The decline and fall of the Yale Empire began last week with a story by the News detailing the triumph of the University of Texas and Texas A&M’s joint endowment over Yale’s. The Yale Investments Office was quick to clarify — there’s no need to worry! Yale is still a richer institution because, see, it’s the endowment per student that really matters. Not even Harvard beats us there — phew!
However in recent years, the importance of Yale’s endowment — what Yale does with it, how big it is and where we invest it — has become a hot-button campus issue. Yale’s endowment has made international news headlines. It sparked a fiery “Overheard at Yale” thread last year and led to students being arrested during a divestment sit-in just over a month ago.
Yale, as a place, is a giant receptacle of myth and memory. When we pass Sterling Memorial Library or cross Old Campus, we subconsciously register that these landmarks look like, feel like and thus represent our school. And so our notion of “Yaleness” has always been wrapped up in its concrete physicality: in its symbols, in the myths stashed away in the nooks and crannies of its buildings. This “love for the soil” as Livy called it is why we feel so at home here.
But the increasing focus on Yale’s endowment in recent years has begun to culturally redefine how we identify and interact with our school. The sport of grooming our ballooning endowment creates a cult of materiality that challenges our perceptions of what it is that truly represents Yale. As the trials of our endowment step into the limelight, people have started to identify Yale more by its bank account than by any building or statue on its campus.
This does two things. First, the growing societal importance of Yale’s endowment creates a culture of disconnectedness from our University. Students at Yale are faced with a contradicting narrative of what is important about this place. We’re told that what matters is making friends, taking classes that rile us up, having perspective-changing conversations at 2 a.m. and perhaps even falling in love. We find groups and create meaning here — and somewhere along the line, we acquire a better sense of who we all are. This is what Yale offers us.
On the other hand, we see headline after headline extolling our endowment, methodically pounding in the message that, in reality, it’s what you’re worth that matters. And so all of what Yale means to us as students — life-changing friendships, nights of youth, a great love — is presented publicly as a long list of zeros stashed away in a bolted-up vault. On an individual level, we wonder if those perspective-altering courses we took really matter in the grand scheme of an endowment growth year. On a societal level, Sterling Memorial Library stops being a receptacle of myth and memories — it becomes that building that Yale spent “x” amount of dollars to construct.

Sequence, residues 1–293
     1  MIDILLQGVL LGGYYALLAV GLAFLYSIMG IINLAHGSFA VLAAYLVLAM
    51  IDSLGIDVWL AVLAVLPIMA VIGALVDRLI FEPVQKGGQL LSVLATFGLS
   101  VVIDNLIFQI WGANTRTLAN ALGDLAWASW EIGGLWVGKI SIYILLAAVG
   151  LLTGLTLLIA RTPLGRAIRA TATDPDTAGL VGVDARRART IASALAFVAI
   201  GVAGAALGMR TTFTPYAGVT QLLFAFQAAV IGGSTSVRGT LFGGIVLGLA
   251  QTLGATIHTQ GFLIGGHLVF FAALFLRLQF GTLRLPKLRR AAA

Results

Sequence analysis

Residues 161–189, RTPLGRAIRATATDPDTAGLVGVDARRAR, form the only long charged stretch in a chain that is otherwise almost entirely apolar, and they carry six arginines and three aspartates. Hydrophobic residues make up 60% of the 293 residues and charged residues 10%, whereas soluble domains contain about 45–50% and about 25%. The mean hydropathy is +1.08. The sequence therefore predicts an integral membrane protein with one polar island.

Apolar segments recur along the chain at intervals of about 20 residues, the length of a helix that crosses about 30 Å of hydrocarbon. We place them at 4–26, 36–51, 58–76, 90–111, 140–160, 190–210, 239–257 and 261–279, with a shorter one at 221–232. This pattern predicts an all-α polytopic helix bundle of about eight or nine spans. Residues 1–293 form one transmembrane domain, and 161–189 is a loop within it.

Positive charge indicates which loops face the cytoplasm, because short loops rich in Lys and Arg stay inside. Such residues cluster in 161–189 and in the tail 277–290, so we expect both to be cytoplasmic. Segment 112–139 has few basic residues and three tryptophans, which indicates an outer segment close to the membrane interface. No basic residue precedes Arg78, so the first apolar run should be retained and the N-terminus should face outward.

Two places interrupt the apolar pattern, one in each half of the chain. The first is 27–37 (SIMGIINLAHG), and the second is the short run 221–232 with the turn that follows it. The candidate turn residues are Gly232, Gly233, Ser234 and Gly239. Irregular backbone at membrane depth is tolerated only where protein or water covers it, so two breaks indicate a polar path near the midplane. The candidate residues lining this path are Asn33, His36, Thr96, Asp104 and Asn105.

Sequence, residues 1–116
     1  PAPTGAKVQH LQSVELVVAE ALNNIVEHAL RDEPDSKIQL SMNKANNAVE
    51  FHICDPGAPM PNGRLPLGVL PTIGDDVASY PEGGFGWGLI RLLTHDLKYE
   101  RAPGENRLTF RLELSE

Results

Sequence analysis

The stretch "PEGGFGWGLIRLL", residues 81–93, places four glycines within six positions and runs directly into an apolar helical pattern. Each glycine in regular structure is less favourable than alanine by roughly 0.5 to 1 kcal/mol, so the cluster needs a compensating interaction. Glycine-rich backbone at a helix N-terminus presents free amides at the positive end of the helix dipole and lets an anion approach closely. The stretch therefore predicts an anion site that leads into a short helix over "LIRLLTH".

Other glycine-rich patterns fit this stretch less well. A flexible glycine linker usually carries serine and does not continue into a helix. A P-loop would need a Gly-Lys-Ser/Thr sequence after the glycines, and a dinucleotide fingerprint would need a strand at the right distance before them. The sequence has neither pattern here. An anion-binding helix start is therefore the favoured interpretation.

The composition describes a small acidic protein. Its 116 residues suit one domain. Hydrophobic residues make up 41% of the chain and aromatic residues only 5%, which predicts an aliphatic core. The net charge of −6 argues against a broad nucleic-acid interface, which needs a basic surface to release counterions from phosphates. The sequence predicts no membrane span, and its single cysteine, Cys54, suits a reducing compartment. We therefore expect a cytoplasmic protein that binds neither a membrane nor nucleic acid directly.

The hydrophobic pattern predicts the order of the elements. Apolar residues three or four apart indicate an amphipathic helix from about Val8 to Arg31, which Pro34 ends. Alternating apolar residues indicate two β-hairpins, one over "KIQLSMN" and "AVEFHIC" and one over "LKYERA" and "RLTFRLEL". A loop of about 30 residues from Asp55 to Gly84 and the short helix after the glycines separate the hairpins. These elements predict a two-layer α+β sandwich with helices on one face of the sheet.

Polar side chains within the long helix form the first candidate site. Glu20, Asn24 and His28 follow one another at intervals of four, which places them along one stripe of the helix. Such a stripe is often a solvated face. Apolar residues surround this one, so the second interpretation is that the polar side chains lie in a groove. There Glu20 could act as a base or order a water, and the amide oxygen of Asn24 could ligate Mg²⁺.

Our pillars of memory are becoming totems of abstraction. This contest of endowment growth has entered into our collective psyche, fostering a reductive and harmful way of viewing our school and our experiences here.
And it’s not just Yale — the rat race among institutions of higher learning to amass the most treasure is an annual topic of interest to The New York Times (to say nothing of the News and the Harvard Crimson). But it’s all a rat race to an archetype where money is our sole end … I can only hope that this golden calf story doesn’t end like the first.
Secondly, the confusion of what “Yaleness” is creates a culture of complacency in its affairs. If our endowment is our lifeblood, then surely Yale will have no trouble getting by on its over $30 billion. No one assumes that Yale could ever possibly struggle financially, when several of its institutions — like Yale Dining — run routine deficits.
For example, while our University has certainly progressed with respect to financial aid, our $30 billion endowment causes students to forget that Yale continues to count home equity to a higher degree than every one of its comparable peer institutions when calculating financial aid packages. This practice leaves most middle-class students and students with parents nearing retirement with far less financial aid than they would receive at, for instance, Harvard — which does not count home equity in calculating one’s financial aid package.
But maybe it isn’t the focus on our endowment that makes us complacent. Perhaps we forget these policies because they simply aren’t flashy topics. To be clear, I’m not anti-endowment. But I am staunchly opposed to the cult of materialism which fetishizing our endowment creates — a cult that certainly isn’t bringing anyone new into the policy reform ring.
Madonna was right — we are living in a material world. But it’s ultimately up to us to preserve our notion of “Yaleness,” one that isn’t defined by a dollar sign.
Sammy Landino | firstname.lastname@example.org .